I was recently looking at a couple of Q&A's on this site for a description of capacitive pickup of 60 Hz by an oscilloscope probe:
I wanted to do a quantitative analysis of this, so I made the following model:
V is 110 V. V1 is the voltage measured by the scope. Z2 is the capacitive impedance of the coupling of the probe to the power lines. For example, if I'm touching the probe, then this is coming from the capacitor consisting of my body as one plate and the wiring inside the wall as the other. Z1 is the impedance of the probe. I take Z2 to be made out of a capacitance C=1 pF, while Z1 is a resistor R=10 MΩ in parallel with a 10 pF capacitance.
So if I analyze this as a voltage divider, I get V1/V=1/(1+Z2/Z1)≈Z1/Z2. At 60 Hz, the probe's impedance comes out to be almost purely its resistance R, so V1=iωRCV, or ~400 mV, which is the right order of magnitude compared to what I observe.
The reason I'm posting this as a question is that I got into a discussion in comments where we don't seem to be agreeing on the analysis, and it doesn't seem like the kind of thing that is going to be easy to clarify within a comment thread.
In this answer, wbeaty says:
You're seeing a capacitive divider effect. One capacitor is within the scope probe and essentially is connected from the tip to the scope ground. The other much smaller capacitance is across empty space: from the probe tip to any distant 220vac wires in the walls. The empty space around the probe is the dielectric of this capacitor.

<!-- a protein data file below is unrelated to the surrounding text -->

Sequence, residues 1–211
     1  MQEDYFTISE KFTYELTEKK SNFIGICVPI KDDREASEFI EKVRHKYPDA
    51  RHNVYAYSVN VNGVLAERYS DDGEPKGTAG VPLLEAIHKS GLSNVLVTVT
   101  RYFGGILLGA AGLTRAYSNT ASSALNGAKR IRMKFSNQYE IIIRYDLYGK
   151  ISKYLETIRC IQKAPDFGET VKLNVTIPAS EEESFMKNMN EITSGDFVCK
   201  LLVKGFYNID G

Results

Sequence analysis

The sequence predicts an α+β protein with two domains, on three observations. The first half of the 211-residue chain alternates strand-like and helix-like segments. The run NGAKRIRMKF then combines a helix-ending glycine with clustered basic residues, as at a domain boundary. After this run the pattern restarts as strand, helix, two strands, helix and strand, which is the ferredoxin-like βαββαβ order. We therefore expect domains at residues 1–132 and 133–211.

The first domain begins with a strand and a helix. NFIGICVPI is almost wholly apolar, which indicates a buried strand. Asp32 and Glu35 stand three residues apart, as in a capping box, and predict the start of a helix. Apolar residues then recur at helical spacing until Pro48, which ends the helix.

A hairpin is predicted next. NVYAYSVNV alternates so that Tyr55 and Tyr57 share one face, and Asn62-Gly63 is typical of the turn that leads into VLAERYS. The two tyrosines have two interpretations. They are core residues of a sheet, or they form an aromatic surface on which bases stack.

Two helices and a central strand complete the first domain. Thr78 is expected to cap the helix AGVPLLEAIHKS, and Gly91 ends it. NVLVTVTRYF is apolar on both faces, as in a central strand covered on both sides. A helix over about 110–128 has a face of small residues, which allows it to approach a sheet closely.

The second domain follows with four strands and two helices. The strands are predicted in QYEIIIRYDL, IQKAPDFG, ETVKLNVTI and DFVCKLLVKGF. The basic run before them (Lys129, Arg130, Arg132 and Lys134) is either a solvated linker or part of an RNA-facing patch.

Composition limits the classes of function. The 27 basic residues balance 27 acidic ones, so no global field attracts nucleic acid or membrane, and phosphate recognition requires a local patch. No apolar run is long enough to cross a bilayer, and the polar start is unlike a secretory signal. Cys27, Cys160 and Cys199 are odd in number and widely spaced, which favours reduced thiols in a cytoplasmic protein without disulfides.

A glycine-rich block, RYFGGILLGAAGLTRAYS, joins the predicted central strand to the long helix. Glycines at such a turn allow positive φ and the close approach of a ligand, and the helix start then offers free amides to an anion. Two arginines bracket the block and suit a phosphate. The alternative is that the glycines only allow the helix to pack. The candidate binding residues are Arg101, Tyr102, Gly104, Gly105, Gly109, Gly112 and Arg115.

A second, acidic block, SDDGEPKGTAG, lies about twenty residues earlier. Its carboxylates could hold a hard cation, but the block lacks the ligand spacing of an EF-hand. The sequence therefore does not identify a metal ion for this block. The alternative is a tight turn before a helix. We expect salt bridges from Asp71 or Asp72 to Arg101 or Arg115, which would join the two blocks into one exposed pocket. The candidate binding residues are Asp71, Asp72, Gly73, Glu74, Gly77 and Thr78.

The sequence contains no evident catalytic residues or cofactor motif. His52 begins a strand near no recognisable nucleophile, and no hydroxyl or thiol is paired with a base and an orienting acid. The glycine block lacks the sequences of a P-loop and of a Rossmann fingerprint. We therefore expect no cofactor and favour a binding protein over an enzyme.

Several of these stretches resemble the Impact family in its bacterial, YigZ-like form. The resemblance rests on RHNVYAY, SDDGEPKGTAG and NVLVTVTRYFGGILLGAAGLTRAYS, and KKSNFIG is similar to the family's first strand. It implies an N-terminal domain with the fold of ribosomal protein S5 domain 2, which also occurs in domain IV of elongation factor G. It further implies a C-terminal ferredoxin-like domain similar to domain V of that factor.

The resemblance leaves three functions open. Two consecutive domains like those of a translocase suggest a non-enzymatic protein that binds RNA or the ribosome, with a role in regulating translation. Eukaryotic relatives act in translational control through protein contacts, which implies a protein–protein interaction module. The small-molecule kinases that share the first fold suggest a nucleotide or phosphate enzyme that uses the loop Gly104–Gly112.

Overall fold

In a comment, I said:
I could be wrong, but it seems to me that this is not really a capacitive divider. The scope probe acts like a 1 Mohm resistor in parallel with, say, a 20 pF capacitor. So at 60 Hz, the probe is acting like a resistor, not a capacitor.
Wbeaty replied in a comment:
The Thevenin Equiv of the capacitive divider is 20pF in series with distant 220VAC source, all in parallel with 10Megs as you say ...AS WELL AS THE DIVIDER EFFECT. Perform calcs for three components. Suppose there is 0.01pF between the distant 220VAC line and the probe tip. That gives a 1/2000 divider effect, in addition to a highpass-filter attenuation of 1:15.9 at 50Hz. (In other words, what's the Thevenin equiv. for a capacitive divider using 0.01pF and 20pF? Then place 10Meg on its output, to create a hipass.) Apply 220VAC, and the scope w/floating probe will measure 6.9mV
I don't understand this comment. Can anyone clarify whether one of us is the right and the other person is wrong? Are we using different models, or the same model? I can't tell from wbeaty's verbal description whether he has in mind the same schematic I do.